Degenerative mitral valve disease (DMVD) is the most common cardiologic disorder in canine population. It has been estimated to account for 75% to 80% of canine cardiac disease1. It is common in small breed dogs, but also can be encountered in large breeds like german shepherd and other . The disease characterizes with thickening and enlarging of the mitral leaflets, elongation of chrdae tendineae and mitral regurgitation. Histopathologic  features are expansion of extracellular matrix with glycosaminoglycans and proteoglycans; valvular interstitial cell alteration; and attenuation or loss of the collagen-laden fibrosa layer2. Because of the mitral regurgitation the usual course of this disorder represents volume overloud of the left atrium and left ventricle , eccentric hypertrophy of the left ventricle , dilation of the left atrium ,and  left sided congestive heart failure . Increased pressure in left atrium and pulmonary veins leads to pulmonary edema . Often complication is so called passive pulmonary hypertension , consequence of increased pressure in pulmonary veins. Really rare complication is left atrial rupture .

 

Case presentation

fig 1

Fig. 1

fig 3

Fig.3

fig 2

Fig.2

Richka is 12 years old mixed breed dog with history of DMVD , threated only with enalapril . She was admitted in our clinic for cardiologic examination, because recently increasing in coughing and exercise intolerance. During the examination she was tachypneic , normal mucous membrane color , alert and responsive .She had increased heart rate. Auscultation revealed right and left apex systolic heart murmurs. The abdomen was swollen with palpable fluid thrill. We have made echocardiographic examination, with the patient on left and right lateral recumbency, with all parasternal views according to the accepted standards. We found eccentric hypertrophy of the left and right ventricles, left and right atrial dilation, thickening and prolapse of the mitral valve. Doppler examination shows mitral and tricuspid regurgitation with pressure gradient of 162 mmHg and 62 mmHg respectively (figures 1,2,3) . Abdominal echography revealed ascites. So we diagnosed degenerative mitral valve disease with secondary pulmonary hypertension. We prescribed following: pimobendan – 0.25 mg/kg/bid , furozemid – 4.0 mg/kg/bid , spironolactone – 1.0 mg/kg bid enalapril – 0.5 mg/kg/bid , sildenafil – 1.0 mg/kg/tid.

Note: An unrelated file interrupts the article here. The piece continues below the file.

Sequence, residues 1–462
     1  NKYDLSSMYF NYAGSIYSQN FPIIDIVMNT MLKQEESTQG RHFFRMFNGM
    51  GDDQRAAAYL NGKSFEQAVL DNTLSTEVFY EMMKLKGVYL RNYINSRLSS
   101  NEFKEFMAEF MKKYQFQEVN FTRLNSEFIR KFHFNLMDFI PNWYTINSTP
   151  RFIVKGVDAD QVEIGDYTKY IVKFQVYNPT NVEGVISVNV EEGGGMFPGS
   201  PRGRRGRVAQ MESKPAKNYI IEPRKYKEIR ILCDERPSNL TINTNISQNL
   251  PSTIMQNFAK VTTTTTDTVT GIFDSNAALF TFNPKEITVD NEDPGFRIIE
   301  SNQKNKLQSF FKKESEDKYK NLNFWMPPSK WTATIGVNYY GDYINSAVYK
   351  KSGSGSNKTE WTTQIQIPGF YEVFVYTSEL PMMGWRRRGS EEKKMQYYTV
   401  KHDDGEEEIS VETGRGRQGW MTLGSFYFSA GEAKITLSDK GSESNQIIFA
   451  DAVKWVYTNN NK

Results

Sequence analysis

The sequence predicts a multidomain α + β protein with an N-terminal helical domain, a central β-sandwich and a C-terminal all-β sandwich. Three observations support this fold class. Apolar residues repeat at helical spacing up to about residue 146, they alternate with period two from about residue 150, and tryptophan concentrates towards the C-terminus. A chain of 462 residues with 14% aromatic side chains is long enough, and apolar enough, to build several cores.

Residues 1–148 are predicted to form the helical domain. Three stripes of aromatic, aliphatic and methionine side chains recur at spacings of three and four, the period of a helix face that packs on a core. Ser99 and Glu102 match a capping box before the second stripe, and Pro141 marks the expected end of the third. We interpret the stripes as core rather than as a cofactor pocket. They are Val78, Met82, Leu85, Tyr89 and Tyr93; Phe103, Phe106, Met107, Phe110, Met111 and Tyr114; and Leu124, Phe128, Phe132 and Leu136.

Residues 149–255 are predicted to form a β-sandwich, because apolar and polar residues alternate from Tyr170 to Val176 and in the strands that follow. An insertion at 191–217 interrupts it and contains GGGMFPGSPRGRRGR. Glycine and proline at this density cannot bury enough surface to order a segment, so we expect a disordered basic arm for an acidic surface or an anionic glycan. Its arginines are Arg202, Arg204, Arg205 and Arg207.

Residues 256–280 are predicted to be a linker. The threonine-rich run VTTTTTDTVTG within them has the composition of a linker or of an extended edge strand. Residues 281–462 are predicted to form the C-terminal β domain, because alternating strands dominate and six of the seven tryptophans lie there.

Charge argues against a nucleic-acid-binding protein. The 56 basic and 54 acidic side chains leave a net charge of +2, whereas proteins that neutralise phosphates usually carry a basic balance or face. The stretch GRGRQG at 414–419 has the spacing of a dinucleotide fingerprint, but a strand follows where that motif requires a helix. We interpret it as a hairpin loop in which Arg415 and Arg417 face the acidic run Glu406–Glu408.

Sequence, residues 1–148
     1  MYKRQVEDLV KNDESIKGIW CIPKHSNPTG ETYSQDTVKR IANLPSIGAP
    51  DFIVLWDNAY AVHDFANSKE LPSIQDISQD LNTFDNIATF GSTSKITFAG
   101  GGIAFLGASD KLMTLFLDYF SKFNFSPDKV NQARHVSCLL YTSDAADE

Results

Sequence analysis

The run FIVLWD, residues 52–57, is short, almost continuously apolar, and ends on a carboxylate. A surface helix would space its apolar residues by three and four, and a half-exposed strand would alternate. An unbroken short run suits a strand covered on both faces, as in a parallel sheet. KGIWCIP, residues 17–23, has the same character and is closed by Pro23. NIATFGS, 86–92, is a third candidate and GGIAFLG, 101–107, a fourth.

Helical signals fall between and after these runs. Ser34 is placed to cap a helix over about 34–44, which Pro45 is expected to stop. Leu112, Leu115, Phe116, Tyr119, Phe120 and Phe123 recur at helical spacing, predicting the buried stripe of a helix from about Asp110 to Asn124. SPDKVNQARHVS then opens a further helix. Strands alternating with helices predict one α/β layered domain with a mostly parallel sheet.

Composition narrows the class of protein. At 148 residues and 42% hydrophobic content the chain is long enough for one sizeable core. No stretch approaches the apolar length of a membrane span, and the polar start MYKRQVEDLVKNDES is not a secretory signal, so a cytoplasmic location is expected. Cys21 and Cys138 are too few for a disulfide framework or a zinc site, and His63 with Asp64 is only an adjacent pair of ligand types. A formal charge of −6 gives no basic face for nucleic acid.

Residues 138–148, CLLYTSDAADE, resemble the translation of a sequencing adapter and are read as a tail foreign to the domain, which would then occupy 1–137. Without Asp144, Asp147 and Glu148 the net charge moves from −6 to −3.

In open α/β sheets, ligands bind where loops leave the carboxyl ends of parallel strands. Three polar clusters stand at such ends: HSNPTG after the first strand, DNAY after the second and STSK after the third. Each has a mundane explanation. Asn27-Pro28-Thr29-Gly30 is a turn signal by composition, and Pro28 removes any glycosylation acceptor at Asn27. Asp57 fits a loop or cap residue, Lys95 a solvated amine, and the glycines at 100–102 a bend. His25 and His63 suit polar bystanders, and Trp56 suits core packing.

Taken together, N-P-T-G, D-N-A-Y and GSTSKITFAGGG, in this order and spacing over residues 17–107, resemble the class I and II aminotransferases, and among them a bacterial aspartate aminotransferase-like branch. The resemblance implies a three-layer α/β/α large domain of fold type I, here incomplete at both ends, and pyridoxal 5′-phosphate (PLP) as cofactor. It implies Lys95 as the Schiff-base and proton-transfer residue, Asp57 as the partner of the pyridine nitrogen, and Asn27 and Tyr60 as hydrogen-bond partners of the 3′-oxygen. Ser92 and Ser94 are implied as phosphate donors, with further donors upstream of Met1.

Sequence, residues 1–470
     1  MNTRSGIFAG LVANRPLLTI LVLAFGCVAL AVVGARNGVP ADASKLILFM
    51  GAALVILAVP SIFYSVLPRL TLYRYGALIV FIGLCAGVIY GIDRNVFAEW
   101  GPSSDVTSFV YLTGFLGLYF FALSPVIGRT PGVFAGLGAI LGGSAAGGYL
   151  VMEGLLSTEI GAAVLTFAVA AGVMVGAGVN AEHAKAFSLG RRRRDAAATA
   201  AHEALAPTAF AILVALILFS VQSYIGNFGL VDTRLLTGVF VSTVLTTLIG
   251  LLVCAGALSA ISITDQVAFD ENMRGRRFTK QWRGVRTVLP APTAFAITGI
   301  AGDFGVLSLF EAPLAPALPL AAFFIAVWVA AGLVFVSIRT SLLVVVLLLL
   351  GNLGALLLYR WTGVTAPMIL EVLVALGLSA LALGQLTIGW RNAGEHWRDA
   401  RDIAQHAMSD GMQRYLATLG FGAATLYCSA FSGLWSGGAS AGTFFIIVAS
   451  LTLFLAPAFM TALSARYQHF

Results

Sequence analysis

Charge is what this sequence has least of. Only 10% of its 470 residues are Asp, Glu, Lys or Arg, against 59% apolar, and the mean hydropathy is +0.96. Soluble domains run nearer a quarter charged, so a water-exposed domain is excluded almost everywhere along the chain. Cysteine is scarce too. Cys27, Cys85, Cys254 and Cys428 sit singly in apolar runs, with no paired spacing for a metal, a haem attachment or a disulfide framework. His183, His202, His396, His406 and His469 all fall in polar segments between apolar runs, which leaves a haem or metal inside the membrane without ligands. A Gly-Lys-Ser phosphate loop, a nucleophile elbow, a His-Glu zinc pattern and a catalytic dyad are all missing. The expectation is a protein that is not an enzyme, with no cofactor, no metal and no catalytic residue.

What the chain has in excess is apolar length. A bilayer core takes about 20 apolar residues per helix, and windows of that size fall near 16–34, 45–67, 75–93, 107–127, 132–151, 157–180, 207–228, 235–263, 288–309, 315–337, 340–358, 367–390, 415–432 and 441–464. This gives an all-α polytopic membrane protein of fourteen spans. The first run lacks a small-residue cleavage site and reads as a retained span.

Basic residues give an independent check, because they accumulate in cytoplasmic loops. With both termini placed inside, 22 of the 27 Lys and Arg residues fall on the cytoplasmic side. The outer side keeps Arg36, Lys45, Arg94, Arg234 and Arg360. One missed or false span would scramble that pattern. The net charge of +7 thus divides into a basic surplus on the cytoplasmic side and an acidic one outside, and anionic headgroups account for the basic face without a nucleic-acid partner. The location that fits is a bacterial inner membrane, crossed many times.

Week later on control examination Richka was better, ascites resolved , mitral and tricuspid regurgitation was with gradient 125 mmHg and 43 mmHg respectively. So we decreased the dose of furosemide to 2.0 mg/kg/bid, and the other drugs were continued with the same doses.